Our Future's Orange: Dalston

My world does not end within these four walls, Slough's a big place. And when I've finished with Slough, there's Reading, Aldershot, Bracknell, you know I've got to-- Didcot, Yateley. You know. My -- Winnersh, Taplow. Because I am my own boss, I can -- Burghfield...
- David Brent

The arrival of the East London Line in Brockley will change everything. Suddenly the delights of West Croydon, Haggerston and Rotherhithe will be only a hard plastic seat ride away.

On a personal level, it will be as momentous as the fall of the Berlin Wall, re-uniting two generations of Brockley Central, divided by miles of tubeless urban sprawl.

In the build-up to the big day we'll be publishing a series of articles called Our Future's Orange, profiling many of the stops along the new route.

To open the series, we roped in Brockley Central Sr to tell us about his home in Dalston. Bear in mind he's even less down with the kids than we are, so we have no idea whether his nightclub recommendations are particularly accurate:

The terminus (for the time being) of the new line is Dalston., postcode E8, aka ‘Dalston Junction’ after the old railway station that finally closed in 1986.

Grimy and down-at-heel, Dalston looks like most people’s vision of the old East End, particularly when you visit its famous market at Ridley Road (just to the north of the new station) where you can buy almost any kind of food, including on some occasions African bush meat. It’s in stark contrast to its fashionable neighbours, Highbury and Islington.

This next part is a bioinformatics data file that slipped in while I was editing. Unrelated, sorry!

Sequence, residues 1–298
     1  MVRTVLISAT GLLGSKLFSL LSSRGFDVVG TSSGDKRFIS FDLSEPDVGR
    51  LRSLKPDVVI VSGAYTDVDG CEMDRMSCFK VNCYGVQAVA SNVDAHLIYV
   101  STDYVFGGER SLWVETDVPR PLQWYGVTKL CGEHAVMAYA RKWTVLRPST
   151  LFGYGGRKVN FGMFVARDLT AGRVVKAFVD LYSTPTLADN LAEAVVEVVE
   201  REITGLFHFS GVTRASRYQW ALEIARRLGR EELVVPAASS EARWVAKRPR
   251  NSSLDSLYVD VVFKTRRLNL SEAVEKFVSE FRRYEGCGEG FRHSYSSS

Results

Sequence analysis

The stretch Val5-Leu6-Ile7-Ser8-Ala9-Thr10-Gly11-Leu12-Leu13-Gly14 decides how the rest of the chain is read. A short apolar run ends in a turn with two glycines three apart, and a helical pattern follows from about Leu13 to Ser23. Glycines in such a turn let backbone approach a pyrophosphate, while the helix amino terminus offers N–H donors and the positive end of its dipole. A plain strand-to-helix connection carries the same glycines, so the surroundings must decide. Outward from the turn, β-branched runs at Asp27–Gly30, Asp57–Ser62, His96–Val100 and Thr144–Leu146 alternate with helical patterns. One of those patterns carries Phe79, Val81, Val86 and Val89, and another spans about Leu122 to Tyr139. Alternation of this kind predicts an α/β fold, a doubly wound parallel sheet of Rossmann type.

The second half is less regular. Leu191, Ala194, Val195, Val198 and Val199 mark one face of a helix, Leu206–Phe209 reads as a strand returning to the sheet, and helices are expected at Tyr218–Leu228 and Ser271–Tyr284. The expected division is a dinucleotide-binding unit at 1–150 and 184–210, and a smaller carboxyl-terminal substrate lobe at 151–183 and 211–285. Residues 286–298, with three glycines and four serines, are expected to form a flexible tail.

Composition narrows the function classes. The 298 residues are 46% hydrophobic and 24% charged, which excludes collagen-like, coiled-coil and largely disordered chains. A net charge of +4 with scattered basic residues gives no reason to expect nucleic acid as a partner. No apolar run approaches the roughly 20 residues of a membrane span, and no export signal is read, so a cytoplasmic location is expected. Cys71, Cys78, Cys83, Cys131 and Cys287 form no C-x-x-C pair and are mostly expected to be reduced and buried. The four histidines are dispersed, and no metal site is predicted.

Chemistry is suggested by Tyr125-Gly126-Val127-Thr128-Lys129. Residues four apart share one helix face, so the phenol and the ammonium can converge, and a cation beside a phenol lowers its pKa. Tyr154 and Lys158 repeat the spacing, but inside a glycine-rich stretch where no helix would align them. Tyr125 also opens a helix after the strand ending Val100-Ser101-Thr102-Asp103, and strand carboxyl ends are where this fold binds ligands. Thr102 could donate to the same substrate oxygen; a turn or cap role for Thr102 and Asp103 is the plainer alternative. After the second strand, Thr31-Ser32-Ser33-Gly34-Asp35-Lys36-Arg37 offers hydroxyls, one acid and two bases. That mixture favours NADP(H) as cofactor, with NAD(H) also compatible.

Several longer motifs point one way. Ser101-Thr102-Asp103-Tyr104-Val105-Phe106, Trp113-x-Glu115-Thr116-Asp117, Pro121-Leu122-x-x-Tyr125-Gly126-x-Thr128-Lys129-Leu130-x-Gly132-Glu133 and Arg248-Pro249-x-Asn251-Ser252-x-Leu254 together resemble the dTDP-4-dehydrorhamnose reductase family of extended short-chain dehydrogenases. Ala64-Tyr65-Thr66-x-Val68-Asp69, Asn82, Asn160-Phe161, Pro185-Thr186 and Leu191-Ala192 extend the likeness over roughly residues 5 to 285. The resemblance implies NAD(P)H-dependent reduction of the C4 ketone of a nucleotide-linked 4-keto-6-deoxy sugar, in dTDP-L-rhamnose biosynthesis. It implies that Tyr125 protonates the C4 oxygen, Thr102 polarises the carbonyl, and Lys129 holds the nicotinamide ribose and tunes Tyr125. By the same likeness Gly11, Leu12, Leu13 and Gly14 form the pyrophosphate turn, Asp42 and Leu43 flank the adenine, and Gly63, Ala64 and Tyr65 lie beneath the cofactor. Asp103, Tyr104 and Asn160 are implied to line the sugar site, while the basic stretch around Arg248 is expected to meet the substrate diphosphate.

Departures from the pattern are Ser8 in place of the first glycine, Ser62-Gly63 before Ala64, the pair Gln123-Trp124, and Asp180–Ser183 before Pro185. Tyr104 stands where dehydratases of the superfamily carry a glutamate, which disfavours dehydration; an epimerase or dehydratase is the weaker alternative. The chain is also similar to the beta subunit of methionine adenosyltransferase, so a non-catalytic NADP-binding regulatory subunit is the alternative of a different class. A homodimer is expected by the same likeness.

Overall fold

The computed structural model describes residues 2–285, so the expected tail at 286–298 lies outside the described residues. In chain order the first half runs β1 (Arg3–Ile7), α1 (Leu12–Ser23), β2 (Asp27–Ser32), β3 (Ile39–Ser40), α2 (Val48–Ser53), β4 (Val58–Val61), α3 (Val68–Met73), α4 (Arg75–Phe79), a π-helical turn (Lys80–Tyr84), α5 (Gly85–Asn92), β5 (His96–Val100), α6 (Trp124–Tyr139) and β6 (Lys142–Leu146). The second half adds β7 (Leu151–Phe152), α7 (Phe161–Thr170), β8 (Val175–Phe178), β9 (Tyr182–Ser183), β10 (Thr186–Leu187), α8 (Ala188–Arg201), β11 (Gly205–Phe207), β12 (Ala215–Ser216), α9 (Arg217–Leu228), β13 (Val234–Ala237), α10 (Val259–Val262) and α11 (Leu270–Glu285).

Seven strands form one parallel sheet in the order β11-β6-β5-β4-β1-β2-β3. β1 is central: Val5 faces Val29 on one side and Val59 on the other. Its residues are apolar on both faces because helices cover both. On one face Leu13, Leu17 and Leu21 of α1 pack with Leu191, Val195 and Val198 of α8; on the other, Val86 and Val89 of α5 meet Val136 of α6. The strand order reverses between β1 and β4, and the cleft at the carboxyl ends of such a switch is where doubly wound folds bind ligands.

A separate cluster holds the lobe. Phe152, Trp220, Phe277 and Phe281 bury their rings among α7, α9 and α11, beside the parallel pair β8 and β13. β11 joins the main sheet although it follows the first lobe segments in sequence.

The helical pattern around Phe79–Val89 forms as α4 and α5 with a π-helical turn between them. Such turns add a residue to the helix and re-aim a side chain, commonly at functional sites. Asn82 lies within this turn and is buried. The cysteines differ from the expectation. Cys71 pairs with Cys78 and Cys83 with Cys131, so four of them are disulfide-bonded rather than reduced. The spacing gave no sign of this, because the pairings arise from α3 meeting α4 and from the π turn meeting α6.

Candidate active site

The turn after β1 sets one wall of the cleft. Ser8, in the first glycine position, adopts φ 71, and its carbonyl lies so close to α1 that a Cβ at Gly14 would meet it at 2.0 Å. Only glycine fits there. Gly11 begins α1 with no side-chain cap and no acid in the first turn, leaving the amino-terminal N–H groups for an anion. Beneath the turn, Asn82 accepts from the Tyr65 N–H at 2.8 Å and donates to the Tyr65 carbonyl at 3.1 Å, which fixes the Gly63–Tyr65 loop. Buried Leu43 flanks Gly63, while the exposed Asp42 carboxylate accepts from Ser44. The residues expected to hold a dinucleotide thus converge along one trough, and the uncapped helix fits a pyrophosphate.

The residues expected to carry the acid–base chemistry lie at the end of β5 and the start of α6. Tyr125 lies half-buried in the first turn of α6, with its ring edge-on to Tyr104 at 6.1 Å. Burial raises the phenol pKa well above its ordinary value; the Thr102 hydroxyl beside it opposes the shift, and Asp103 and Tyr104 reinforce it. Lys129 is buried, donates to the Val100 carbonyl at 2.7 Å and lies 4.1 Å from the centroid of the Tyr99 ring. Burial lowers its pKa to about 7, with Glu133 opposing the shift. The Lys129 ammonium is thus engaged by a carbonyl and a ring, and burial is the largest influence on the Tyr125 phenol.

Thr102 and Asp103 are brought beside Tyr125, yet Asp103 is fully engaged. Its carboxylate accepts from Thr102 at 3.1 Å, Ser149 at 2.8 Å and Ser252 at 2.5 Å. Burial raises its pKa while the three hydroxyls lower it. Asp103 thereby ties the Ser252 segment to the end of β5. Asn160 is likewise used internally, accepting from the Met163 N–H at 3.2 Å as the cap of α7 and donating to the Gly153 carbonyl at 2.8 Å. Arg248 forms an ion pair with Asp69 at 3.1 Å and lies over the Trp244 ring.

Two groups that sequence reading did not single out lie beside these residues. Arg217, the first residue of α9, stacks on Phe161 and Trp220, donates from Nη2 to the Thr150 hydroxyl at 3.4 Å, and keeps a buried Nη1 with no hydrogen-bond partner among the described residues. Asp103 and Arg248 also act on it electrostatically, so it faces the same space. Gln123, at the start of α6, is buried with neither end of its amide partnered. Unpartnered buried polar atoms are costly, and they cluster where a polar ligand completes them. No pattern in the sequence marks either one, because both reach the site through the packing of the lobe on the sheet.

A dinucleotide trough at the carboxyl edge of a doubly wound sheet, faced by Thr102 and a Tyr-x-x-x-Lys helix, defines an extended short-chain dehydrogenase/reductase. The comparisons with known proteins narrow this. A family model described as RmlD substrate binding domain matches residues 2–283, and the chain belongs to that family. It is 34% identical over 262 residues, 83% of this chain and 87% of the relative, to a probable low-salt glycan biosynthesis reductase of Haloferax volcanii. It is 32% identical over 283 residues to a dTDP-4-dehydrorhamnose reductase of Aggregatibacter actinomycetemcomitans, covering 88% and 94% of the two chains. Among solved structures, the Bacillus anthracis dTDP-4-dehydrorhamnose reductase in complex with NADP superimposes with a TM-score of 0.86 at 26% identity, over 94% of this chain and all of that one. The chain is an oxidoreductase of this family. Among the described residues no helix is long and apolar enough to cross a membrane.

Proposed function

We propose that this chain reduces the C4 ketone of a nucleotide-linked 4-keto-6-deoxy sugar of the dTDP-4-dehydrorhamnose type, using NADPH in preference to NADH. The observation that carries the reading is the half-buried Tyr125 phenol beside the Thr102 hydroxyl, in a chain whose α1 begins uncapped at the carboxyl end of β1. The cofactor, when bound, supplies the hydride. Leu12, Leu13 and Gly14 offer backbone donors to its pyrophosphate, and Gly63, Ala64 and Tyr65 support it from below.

Dalston's not so much a place as a crossroads. For rail, for road (the A10, the old Roman Road that leads north from the City of London is bisected by the east-west route of the Balls Pond Road and Dalston Lane), and for culture too. Here you’ll find every sort of migrant to London struggling to make ends meet. It’s the mix that gives Dalston its lively character.

In recent times the wave of young fashion designers and artists that transformed Shoreditch has moved north into Dalston, and suddenly it’s become the ‘cool’
place to live and work. New clubs, like Dan Beaumont’s Disco Bloodbath, have sprung up everywhere. Dalston’s independent cinema, the Rio, is an indicator of the area’s changing fortunes. Once a popular cinema, it fell on hard times in the sixties and became a seedy cinema club for soft-porn films. Now it’s part of the revived cultural scene that includes the Vortex jazz club and the wonderful Arcola Theatre.

Over the next couple of years this hub area will undergo its most dramatic (and most controversial) makeover in over a century. The new tube station, linked to the revived ‘London Overground’ station, will shortly become a place with space and Hackney Council has been working with developers to make what they hope will be an exciting new open space in London –
Dalston Square. Tall towers have replaced Victorian housing, and there will soon be new shops and a new library. It remains to be seen whether this will achieve the civic transformation that the council hopes for without destroying the character of the area. We’ll have to wait and see, but very soon Brockleyites will be able to check it out for themselves by hopping on their local tube and heading north.